Norman’s first operational trip over enemy territory was a “2nd Dickie” trip with an experienced crew before taking his own crew on 35 ops. Some were to French targets, which until late May 1944 were deemed to count as only a third of an op. Norman is amongst several pilots recorded in 207’s ORB as complaining about this. After the losses on the Mailly raid in May 1944 the powers-that-be relented and French trips were then re-counted as a whole op. However, by the time Norman was nearing the end of his tour the number of required ops had been raised to 35 and this continued until near the end of the war when the number of 1st tour ops were changed down and up several times, presumably as a surplus of aircrew arose due to the training programme output, and the reducing losses then being seen.
At the time of the crash, Norman had amassed a total of 506 Flying Hours, of which 68 were in Wellingtons. He was aged 26 when he died and left behind his wife Mary Owen, of Dolwen.
Many thanks to Normans nephew, Raymond Glynne-Owen who has provided valuable information and photographs regarding Norman.
Flying Officer Norman Owen DFC is buried in Grave 34 of the C of E Section at Old Colwyn Church Cemetery.
Staff Navigator: Plt Off Sydney Jack Guiver 174686
Sydney Guiver was born in 1921 in the Rochford region of Essex and was the 3rd child of Frederick George and Maud Emily Guiver, of Southend-on-Sea. Prior to joining the RAF Volunteer Reserve in September 1941 as trainee aircrew, Sydney was a bank clerk.
Following his aircrew training, he was posted as a Sgt Navigator onto Lancaster bombers.
According to the Supplement to the London Gazette dated 30 May 1944, Sydney’s promotion from NCO aircrew to Commissioned Officer was announced. The entry stated that he was appointed to Commission within the General Duties branch and was awarded the rank of Pilot Officer on probation (emergency) wef 31st Mar 44.
Sydney married Dora Isabel Gunning in 1944 in Holywell Flintshire in Wales. Dora served in The Land Army and they lived with Frederick and Maud at 641 Southchurch Road, Southend-On-Sea. Although they lived in Southend, Sydneys death certificate recorded his address as Bryn Awel, Leeswood, Mold, Flintshire.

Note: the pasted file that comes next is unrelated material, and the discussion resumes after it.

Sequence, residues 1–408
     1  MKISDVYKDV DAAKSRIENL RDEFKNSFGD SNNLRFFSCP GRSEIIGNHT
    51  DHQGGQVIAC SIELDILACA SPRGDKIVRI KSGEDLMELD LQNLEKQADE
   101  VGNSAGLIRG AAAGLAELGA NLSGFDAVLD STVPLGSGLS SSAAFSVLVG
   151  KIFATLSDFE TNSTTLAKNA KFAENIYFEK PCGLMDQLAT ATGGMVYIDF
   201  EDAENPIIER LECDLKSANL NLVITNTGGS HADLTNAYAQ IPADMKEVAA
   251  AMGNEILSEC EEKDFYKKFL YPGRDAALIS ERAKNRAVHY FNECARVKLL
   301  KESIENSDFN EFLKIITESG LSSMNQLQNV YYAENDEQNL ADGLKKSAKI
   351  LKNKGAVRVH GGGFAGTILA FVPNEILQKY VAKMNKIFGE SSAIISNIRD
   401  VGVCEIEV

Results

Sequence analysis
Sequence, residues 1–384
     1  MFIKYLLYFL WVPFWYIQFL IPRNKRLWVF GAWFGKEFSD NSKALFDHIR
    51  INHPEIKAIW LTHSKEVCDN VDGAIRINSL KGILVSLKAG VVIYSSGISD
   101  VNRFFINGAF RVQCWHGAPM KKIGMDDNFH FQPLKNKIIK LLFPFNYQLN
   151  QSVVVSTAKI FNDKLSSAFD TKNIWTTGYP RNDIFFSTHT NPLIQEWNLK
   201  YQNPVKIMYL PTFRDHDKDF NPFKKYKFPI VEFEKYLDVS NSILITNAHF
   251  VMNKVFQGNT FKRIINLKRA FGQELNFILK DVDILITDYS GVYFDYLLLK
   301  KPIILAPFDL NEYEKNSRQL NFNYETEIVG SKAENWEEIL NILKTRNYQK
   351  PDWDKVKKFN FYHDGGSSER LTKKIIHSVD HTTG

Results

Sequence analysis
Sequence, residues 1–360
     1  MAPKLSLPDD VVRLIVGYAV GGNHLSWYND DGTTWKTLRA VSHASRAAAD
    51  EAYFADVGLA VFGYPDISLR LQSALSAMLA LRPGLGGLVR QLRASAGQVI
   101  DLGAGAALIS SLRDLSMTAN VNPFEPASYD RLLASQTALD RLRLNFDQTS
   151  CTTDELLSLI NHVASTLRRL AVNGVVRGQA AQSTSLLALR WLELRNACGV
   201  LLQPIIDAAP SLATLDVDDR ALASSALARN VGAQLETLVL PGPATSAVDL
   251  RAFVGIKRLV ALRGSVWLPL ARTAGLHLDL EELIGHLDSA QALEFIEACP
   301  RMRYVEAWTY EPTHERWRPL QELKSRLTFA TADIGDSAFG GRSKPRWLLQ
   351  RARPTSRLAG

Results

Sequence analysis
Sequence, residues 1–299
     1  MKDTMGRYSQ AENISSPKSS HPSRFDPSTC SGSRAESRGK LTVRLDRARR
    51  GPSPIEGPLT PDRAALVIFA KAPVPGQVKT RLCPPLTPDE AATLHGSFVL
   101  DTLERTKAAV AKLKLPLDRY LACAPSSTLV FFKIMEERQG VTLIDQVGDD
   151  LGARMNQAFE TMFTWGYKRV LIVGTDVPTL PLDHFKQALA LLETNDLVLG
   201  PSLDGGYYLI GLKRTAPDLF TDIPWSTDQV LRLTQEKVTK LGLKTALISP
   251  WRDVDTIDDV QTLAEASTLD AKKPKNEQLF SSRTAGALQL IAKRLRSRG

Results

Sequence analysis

Two telegrams sent to Mrs GF Guiver informing her of the death of her son and when the coffin will be dispatched from RAF Market Harborough.
The first telegram reads:
“Mrs F G Guiver, 641 South Church Road Southend on Sea, Essex. Deeply regret to inform you that your son 174686 P/O Sydney Jack Guiver lost his life as a result of a flying accident on 13/Aug/44. Please accept my profound sympathy further telegrams follows OC RAF Market Harborough.”
The 2nd telegram advises the family about the coffin and reads: “16 Aug Coffin late P/O S J Guiver will leave Mkt-Harboro Station 7.49PM today and will arrive Southend Station 6/44AM repeat 6/44AM Thursday 17th August – RAF Market Harborough.”
This letter was sent to Sydneys father on the 20th Aug and reads:
“Dear Mr Guiver, I write with the deepest regret to convey to you the feelings of this unit in the very sad loss of your son, Pilot Officer Sydney Jack Guiver, as the result of a flying accident.
Your son was the Navigator of an aircraft which crashed near Melton Mowbray at approximately 7.30pmon the 13th August 1944. Death was instantaneous.
During the short time your son was at this Unit he made himself very popular with everyone. The loss to the service is great as the Royal Air Force can ill afford to lose such a keen and cheerful member of aircrew.
I have today written to your sons wife, giving full particulars of her husband’s death.
Again on the 17th & 20th Aug, RAF Market Harborough wrote to the father. The letter on the 17th reads:
Pilot Officer S J Guiver (deceased)
It would be appreciated if the flag forwarded with the coffin could be returned to this Unit please. An official paid label and wrapper are enclosed for your convenience.
It would be appreciated if the flag forwarded with the coffin could be returned to this Unit please. An official paid label and wrapper are enclosed for your convenience.
Date of burial
Place of burial
Name of cemetery
Group Captain Commanding
RAF Market Harborough”
The 2nd letter from the 20th reads:
“Dear Mr Guiver, I am enclosing herewith three photographs of your son which we happen to have on the Station as I am sure you would like to retain them.
I would be pleased if you would be good enough to give one of the photographs to Mrs D I Guiver.
Group Captain Commanding
RAF Market Harborough”
Pilot Officer Sydney Jack Guiver is buried in Plot C Grave 722 in the Sutton Road Cemetery Southend-On-Sea.
Pilot: Sgt Edward Mansel Roberts 1624053
Edward Mansel Roberts joined RAF (Volunteer Reserve). He was the son of Wilfrid and Martha Roberts of Buckley, Wales
Edward Mansel Roberts completed 140 Flying Hours of which 23 were on Wellingtons. He was aged 20 when he died.